Academy Annual Lecture 2019 with Matthew Goodwin

26 June 2019

Professor Matthew Goodwin, Professor of Politics and International Relations at the University of Kent, gave the Academy of Social Sciences Annual Lecture on 20 June 2019.

The Annual Lecture saw an audience of about 100 people with a mix of general public, Fellows and social science practitioners.

Professor Goodwin’s talk was on Brexit and Populism: Under the Microscope – What We Know So Far. The lecture spanned a range of evidence about the causes and consequences for electoral politics of rise of ‘national populism’ in the United Kingdom.

Many have thought that the UK’s two party structure and its first-past-the-post voting system meant that populist parties could not take root here – and this in turn may have reduce the prevalence of such attitudes. Professor Goodwin began his lecture by pointing out some important background factors. There has been a long-term decline in stable party identification, with voters being less strongly attached to either of the two main parties, and more inclined, over the past couple of decades, to switch parties. This has been accompanied by an increase in the number of political parties.

Background social change has also played a part in party fragmentation.  There has been a secular decline in the proportion of the population that are union members, in working-class jobs, in council housing and with no educational qualifications. At the same time there has been a long-term increase in the proportion of the population that are skilled professionals and have university degrees. Again these set the conditions for changes in voting behaviour.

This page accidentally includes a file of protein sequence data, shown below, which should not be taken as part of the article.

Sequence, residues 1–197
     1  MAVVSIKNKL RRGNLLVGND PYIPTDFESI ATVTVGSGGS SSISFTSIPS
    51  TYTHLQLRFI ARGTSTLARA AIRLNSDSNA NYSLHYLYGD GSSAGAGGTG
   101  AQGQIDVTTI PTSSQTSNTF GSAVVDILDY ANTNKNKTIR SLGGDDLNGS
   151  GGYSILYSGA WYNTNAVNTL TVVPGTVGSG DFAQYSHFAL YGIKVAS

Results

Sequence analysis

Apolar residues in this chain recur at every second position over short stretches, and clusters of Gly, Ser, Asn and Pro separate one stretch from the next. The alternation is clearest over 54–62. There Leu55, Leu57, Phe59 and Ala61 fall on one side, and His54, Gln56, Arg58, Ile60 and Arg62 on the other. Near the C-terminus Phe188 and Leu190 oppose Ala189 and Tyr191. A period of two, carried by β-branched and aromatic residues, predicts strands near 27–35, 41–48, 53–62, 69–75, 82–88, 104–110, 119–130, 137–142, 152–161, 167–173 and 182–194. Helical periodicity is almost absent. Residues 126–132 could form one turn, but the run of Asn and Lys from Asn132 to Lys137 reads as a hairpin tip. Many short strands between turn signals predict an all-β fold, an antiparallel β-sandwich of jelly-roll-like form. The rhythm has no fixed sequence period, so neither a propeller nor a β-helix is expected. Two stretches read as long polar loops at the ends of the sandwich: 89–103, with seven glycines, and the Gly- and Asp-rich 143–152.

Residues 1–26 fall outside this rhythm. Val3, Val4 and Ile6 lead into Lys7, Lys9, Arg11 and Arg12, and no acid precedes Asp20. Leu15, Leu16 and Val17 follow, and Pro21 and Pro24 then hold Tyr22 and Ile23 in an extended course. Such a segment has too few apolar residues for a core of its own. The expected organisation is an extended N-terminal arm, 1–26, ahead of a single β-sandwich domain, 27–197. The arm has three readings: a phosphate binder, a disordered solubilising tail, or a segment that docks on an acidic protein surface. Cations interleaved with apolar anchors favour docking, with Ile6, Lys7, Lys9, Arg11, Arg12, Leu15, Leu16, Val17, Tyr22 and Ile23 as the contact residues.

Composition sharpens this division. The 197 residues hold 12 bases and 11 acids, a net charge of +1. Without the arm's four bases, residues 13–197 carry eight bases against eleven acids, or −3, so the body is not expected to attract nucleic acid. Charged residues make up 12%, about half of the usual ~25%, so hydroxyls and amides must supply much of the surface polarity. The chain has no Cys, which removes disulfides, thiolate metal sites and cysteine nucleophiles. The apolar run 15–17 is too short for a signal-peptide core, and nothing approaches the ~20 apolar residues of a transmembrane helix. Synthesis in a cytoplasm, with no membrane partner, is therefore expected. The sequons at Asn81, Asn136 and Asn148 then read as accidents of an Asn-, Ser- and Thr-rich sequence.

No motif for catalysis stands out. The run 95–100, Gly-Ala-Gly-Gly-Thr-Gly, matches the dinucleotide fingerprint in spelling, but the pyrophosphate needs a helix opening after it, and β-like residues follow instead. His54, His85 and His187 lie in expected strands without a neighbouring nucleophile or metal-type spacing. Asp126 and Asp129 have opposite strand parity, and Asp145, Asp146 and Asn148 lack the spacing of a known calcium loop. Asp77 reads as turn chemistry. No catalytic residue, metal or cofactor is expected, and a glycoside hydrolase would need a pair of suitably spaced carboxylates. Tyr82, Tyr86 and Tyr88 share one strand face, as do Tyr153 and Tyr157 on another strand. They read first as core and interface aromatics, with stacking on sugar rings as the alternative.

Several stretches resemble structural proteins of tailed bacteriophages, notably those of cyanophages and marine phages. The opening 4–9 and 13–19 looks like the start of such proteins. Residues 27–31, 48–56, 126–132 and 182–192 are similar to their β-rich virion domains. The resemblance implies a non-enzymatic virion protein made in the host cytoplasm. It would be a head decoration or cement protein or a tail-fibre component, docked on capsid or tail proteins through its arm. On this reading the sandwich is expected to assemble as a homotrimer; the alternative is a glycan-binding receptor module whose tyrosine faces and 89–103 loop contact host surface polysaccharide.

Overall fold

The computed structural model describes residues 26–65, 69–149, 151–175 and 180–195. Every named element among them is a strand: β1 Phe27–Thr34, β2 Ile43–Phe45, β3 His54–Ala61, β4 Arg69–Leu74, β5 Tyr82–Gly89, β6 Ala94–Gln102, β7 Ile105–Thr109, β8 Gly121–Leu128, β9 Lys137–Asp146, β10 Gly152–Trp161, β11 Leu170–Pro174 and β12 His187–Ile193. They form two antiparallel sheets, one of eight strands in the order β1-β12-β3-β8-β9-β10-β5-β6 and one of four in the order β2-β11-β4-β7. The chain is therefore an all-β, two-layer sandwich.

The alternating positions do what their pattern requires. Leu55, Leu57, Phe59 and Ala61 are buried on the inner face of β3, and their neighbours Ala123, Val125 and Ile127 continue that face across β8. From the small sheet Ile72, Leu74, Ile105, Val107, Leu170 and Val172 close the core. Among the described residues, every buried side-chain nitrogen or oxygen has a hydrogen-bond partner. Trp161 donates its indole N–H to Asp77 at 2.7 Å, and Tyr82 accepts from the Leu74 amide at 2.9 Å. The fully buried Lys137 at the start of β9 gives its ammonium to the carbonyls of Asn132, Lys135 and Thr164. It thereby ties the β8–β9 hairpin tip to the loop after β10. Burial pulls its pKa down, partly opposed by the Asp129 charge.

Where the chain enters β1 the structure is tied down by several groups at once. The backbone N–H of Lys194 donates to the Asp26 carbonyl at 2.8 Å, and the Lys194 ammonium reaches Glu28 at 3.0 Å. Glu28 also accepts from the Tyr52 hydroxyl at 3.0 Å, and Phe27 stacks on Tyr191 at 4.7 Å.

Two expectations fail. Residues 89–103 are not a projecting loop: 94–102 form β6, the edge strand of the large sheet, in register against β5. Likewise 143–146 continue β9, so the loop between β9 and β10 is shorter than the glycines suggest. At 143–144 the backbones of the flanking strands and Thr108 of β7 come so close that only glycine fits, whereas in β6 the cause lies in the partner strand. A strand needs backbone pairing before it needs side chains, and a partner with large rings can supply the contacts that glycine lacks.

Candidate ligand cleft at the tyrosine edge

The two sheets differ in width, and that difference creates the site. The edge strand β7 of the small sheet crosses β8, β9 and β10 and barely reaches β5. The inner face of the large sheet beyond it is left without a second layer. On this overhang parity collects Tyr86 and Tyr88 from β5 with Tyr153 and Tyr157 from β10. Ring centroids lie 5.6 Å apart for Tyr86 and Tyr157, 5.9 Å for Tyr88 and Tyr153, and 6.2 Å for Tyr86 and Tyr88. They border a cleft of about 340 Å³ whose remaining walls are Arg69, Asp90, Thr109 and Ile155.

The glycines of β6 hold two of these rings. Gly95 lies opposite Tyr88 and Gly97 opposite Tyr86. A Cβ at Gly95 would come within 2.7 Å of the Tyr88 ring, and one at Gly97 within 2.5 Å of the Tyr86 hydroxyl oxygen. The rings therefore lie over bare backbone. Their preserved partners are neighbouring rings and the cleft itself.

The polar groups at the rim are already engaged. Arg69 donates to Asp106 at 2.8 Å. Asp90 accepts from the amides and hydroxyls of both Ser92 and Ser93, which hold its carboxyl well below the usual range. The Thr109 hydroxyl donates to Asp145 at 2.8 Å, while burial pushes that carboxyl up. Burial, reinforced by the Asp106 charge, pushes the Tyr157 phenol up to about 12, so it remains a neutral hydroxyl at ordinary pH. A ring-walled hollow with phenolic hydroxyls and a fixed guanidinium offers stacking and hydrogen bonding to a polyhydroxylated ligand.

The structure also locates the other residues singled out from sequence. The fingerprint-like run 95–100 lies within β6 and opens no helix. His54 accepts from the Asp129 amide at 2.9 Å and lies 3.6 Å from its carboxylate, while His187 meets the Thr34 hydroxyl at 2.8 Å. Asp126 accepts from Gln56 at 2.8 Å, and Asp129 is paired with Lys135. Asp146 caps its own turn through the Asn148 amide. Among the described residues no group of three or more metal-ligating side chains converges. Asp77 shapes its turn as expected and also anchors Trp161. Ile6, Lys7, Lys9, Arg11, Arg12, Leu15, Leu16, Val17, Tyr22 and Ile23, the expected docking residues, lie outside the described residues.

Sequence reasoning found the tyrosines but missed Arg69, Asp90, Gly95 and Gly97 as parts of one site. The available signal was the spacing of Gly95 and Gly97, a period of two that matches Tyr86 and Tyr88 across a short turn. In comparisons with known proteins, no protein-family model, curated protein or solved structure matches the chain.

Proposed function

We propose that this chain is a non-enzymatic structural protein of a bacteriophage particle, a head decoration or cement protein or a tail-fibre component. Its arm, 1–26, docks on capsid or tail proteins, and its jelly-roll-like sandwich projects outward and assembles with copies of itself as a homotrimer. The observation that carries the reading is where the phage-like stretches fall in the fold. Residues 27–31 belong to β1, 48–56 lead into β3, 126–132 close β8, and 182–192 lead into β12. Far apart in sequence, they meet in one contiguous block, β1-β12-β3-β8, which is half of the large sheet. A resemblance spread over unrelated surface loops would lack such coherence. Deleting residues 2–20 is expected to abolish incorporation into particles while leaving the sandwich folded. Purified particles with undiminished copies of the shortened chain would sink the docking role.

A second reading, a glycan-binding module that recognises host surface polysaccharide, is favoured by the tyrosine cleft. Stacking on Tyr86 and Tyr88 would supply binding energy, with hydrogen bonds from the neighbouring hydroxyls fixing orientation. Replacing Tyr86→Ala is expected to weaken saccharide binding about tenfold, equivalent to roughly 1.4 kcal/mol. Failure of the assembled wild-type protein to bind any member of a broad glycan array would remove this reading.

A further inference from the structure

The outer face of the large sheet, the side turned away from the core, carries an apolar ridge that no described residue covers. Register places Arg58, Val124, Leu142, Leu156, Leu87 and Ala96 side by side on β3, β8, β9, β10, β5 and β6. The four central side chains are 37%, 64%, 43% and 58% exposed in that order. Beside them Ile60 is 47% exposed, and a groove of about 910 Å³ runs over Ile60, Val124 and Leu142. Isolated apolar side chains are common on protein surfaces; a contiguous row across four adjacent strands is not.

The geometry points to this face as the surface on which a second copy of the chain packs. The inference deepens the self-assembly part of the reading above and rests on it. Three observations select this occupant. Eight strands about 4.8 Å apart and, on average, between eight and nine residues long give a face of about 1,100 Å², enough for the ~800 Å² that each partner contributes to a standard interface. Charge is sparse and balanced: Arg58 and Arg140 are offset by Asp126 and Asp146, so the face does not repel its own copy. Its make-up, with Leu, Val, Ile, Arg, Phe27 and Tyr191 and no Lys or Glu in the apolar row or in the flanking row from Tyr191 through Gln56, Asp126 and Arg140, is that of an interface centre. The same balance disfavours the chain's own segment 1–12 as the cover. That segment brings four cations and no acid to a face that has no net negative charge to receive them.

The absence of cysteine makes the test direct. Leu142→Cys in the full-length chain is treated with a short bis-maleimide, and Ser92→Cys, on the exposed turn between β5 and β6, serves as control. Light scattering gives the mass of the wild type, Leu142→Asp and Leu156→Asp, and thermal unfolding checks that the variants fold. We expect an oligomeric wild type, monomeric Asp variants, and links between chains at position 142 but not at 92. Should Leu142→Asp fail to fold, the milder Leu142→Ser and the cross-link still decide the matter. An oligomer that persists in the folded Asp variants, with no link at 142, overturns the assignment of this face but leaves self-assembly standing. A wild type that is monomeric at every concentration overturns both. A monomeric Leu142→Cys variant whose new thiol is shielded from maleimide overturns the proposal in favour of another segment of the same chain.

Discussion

A final background feature presented by Professor Goodwin was an examination of underlying opinions that prefigured the Brexit referendum. He showed evidence that at least a certain degree of Euroscepticism goes back to the early 1990s, and increased markedly in the years before the referendum (when of course it was a political issue for the Conservative Party), and that concern over immigration rose significantly from the early 2000s.

Professor Goodwin then presented a sophisticated argument about the relationship between political attitudes and the party choices available to the electorate. His argument was that the driving forces for the Brexit referendum vote was both economic (at least as an indirect cause) and cultural. With the rise of these issues becoming the source of new political polarisation and new parties arising, both the two major parties face fragmentation of their political bases.

In his conclusions, Professor Goodwin argued that these fundamentals meant we can expect to see more political volatility, providing opportunities for new party challengers. The Conservative Party faces a particular dilemma: if it tacks toward a harder position on Brexit it is at risk from the Lib Dems, but if it doesn’t, it leaves room, in the new more volatile party system, for the nationalist populism espoused by the Brexit party. The Labour Party suffers from the divide in its electoral base between a working class and the ‘left behind’ and a more professional and educated element. The cultural and economic policies that may appeal to these different groups present it too with electoral challenges. In addition, the ‘supply’ of national populism has been transformed:  new donors have been willing to fund nationalist populist parties, and the terms of public debate have been changed, making cultural populist messages less toxic. If the Conservative Party does not re-absorb the nationalist populist tradition, Professor Goodwin argued that it is likely to become entrenched as a permanent fixture in Britain’s political landscape.